The 67-year-old trumpeter, vocalist and songwriter spoke to UPI to discuss Chicago's new album Chicago XXXVI: Now. The record is the band's 36th release, and follows in their tradition of making music-driven albums.
"It's very musical," Loughnane tells UPI of the new album. "For some reason, just plain music a lot of times isn't enough, but for us it has been. This is us, organic and now. The latest incarnation of Chicago."
Music has been a part of Loughnane's life since he was a child. He started playing the trumpet at age 11, and "fell in love with the instrument and music itself." The band's emphasis on musicianship has contributed to their decades-long success, and the trumpeter says there is still more to learn.
"The more you learn about music, the more you realize what there is to learn," he relates. "I'm getting better at [trumpet], it feels more comfortable now than it ever has and I can see that I'll be able to improve until I pass to the other side.
"When I play the trumpet, it actually changes my psyche," he shares. "I feel better. If I'm in a bad mood and I start practicing, 99 times out of 100, I feel better. I don't know what that magic potion is, but music seems to be it for me."
Chicago XXXVI: Now is the band's first album to be recorded on a mobile unit called The Rig. The equipment allows the members to work on new material on the road, and also work "one voice, one guitar at a time."
"This platform allows everybody to continually write new music, and when everyone's ready we come in and record it a little piece at a time until it's together," he says of the new system. "We didn't even know at the time that we were recording an album, we were just recording music. It got to the point that we had so many songs that we decided to put it together in an album format."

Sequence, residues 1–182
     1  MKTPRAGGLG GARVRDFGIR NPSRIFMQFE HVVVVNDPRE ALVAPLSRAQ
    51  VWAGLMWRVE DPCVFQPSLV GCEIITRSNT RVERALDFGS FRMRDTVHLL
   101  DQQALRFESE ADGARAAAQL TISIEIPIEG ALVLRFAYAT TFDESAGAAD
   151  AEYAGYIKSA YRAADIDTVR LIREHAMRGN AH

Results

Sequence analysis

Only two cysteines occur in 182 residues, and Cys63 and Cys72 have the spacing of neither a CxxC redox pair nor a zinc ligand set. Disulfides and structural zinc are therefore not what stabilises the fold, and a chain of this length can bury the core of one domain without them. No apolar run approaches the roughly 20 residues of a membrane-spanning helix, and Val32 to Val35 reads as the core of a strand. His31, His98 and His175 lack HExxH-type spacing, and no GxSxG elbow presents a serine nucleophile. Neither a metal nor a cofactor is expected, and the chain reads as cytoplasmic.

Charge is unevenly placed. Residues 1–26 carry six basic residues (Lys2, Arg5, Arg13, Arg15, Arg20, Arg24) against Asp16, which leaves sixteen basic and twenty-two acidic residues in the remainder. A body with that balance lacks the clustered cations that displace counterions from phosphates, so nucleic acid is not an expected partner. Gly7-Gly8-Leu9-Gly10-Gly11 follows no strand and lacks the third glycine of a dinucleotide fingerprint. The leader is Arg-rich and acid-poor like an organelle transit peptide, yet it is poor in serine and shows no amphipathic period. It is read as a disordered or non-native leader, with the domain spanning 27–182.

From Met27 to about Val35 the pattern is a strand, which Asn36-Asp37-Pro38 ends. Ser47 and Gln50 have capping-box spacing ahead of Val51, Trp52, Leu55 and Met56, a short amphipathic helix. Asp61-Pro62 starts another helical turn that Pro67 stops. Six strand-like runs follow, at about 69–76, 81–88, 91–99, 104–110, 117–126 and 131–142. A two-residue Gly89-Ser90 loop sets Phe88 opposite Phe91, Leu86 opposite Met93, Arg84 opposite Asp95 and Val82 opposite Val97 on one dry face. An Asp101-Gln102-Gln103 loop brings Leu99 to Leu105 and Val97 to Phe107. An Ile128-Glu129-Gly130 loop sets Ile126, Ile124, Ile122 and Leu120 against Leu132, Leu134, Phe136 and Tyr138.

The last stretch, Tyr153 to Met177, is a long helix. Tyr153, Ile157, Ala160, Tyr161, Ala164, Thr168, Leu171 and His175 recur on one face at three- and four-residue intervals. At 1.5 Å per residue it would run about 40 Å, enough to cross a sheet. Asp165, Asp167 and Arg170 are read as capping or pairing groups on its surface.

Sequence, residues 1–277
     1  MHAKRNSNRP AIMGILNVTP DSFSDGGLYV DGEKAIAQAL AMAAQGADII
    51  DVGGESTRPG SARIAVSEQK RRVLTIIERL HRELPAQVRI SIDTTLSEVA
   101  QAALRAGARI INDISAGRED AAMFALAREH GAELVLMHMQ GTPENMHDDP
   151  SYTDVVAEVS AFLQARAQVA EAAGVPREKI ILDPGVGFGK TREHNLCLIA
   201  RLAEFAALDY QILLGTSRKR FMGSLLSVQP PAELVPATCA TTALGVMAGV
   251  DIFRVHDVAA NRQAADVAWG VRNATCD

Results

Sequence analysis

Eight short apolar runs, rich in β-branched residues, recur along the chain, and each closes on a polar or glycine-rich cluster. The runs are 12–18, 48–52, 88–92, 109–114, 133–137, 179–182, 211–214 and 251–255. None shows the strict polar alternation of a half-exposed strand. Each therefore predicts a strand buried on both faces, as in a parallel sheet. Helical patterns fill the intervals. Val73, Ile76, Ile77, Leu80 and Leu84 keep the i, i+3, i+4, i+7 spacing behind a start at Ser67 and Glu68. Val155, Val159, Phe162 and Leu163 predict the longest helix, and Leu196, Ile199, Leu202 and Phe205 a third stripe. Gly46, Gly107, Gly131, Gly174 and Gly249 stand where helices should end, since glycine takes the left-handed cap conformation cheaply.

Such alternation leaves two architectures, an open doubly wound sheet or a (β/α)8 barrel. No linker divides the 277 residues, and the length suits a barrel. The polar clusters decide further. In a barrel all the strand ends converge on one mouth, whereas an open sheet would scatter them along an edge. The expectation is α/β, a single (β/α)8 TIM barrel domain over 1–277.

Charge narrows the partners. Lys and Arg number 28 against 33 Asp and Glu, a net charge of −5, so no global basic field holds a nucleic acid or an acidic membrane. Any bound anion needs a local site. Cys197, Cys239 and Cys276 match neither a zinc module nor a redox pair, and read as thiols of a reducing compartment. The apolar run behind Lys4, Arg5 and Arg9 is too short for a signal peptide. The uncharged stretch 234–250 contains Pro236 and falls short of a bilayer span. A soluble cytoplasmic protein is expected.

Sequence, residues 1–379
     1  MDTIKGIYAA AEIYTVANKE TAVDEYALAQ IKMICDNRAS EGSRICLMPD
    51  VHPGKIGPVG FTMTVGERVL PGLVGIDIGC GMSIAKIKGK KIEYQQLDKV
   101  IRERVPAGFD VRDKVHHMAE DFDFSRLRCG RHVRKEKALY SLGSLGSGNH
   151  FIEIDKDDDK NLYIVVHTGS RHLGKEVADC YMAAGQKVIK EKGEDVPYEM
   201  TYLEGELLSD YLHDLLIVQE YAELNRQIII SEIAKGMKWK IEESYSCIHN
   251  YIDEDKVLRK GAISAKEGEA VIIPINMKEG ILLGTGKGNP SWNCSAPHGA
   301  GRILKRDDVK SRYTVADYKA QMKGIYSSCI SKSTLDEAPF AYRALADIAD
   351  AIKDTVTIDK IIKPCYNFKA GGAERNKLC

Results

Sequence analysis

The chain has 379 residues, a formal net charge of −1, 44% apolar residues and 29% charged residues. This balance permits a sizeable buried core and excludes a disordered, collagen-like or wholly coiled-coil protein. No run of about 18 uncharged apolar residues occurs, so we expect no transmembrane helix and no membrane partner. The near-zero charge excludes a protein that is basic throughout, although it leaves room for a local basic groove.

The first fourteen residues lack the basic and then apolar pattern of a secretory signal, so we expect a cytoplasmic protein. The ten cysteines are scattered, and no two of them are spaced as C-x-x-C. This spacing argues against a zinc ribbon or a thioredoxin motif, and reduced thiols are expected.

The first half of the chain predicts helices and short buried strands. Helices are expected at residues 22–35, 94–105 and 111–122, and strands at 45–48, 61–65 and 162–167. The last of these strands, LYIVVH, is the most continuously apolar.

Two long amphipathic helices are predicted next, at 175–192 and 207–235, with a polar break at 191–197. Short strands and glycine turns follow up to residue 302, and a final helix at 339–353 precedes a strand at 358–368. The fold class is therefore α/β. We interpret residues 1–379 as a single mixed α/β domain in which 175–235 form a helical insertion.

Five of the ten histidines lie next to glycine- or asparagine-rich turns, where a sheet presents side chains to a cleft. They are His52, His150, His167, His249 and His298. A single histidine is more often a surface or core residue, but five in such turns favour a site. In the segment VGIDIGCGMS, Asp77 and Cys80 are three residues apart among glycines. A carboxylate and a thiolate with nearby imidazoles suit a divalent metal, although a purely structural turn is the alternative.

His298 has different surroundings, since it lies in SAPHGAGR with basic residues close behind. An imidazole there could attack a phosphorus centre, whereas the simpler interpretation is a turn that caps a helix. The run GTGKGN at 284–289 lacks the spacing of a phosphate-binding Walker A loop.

The band recently embarked on their 47th consecutive tour in support of the new album, and kick off a series of dates with REO Speedwagon on July 31. They perform 100 or more shows annually, and are away from home six months out of the year. Loughnane admits the "hardest part" of tour is being away from his family, but also recognizes, "We have to go where the people are."
"We love playing, and we plan on continuing to do that and making new music as well," he says. "We've kept it going, we love doing it, we've learned more about it. We want to continue, and we are going to.
"It's the music that has come through us," he concludes. "For some reason it has connected and resonated with many, many different generations, for decades. I don't know why, but I'm very happy it does. Because it's given us our career, our life and I'm very grateful."
Chicago XXXVI: Now is scheduled for release July 8 in the U.S.
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